What if dieting makes you fatter?

Health and medicine explained.
July 4 2007 8:25 AM

Beware of Diet

What if counting calories makes you fatter in the long run?

(Continued from Page 1)

It showed that adolescents who diet are more likely to engage in future binge eating. But this doesn't rule out the worrisome possibility that dieting also alters the body's metabolism so that calories later cling more tenaciously.

Does dieting have other health benefits? In the short-term, yes. Many brief trials have shown the benefit of diets for people at risk for type 2 diabetes and osteoarthritis, and for lowering high blood pressure. For the limited time that they reduced their caloric intake, patients with these conditions realized real gains.

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The problem is that the benefits are erased by the typical return of those stubborn pounds. And as with the higher-than-ever weight gains, the aftereffects of dieting may cause additional basic health problems. Weight cycling—the common up-and-down yo-yoing of the scale—seems to have especially pernicious effects and is associated with higher blood pressure and heightened risk for heart attack, stroke, and diabetes.

What to make of all this? Mann's analysis casts serious doubt on the value of dieting for weight control. In my pediatric practice, I've become increasingly reluctant to push dieting on children, even very heavy ones. Though it's contrary to my own years-long cultivation of sloth, I am coming to believe ever more strongly in the value of pleasurable exercise for weight control and for independent health benefits, as demonstrated in innumerable medical studies. The problem, of course, is persuading the noninclined of the "pleasurable" part.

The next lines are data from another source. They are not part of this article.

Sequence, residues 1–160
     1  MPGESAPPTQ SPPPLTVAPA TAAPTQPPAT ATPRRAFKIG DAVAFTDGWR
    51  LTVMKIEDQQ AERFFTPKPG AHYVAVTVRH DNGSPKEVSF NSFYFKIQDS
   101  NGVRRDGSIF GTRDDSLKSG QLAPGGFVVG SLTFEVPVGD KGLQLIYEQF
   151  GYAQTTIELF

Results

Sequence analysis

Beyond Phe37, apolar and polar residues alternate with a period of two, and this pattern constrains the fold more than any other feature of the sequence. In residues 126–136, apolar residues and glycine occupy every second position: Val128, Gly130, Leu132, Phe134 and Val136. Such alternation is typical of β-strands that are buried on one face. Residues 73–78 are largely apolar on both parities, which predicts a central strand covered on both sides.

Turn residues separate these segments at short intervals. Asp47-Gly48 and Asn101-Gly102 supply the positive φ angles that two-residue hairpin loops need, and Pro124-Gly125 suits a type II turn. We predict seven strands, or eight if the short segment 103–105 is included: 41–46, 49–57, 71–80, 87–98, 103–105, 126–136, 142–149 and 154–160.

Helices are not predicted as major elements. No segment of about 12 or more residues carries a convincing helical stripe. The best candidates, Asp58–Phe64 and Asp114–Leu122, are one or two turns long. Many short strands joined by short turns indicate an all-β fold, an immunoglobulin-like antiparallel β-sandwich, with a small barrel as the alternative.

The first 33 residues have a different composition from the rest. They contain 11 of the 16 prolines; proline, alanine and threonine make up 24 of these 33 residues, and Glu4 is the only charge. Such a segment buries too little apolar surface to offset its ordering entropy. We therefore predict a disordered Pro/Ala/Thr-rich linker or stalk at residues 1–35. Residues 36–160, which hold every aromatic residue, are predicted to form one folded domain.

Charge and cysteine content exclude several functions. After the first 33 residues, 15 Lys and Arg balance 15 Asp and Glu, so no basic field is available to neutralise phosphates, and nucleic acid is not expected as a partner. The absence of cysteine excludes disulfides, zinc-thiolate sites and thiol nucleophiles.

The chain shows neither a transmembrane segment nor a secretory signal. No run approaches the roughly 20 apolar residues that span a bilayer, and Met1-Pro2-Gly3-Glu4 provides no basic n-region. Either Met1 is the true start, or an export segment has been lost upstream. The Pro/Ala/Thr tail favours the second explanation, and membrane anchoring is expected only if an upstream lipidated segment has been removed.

Ultimately, I think we need to start at the other end: by preventing kids from putting on excess weight in the first place. There's no easy fix, but in addition to increasing exercise, we need to somehow encourage families to shop and live differently. Perhaps we need to devise new kinds of calorie-limiting diets that don't make people feel deprived, because the hard fact is that they should never stop dieting. And, of course, we all hope for a magic pill to come out of the huge body of research now devoted to understanding how hormones regulate appetite and how the body's weight thermostat is controlled.

One other possibility. For a few people, dieting is effective. In one recent study, although more than 90 percent of the participants were no thinner after a year (and may gain more weight as time passes), about 7.5 percent continued to lose weight. Maybe we need to figure out just what contributed to these unusual success stories—and then find a way to apply it to the rest of us.

Sydney Spiesel is a pediatrician in Woodbridge, Conn., and clinical professor of pediatrics at Yale University's School of Medicine.

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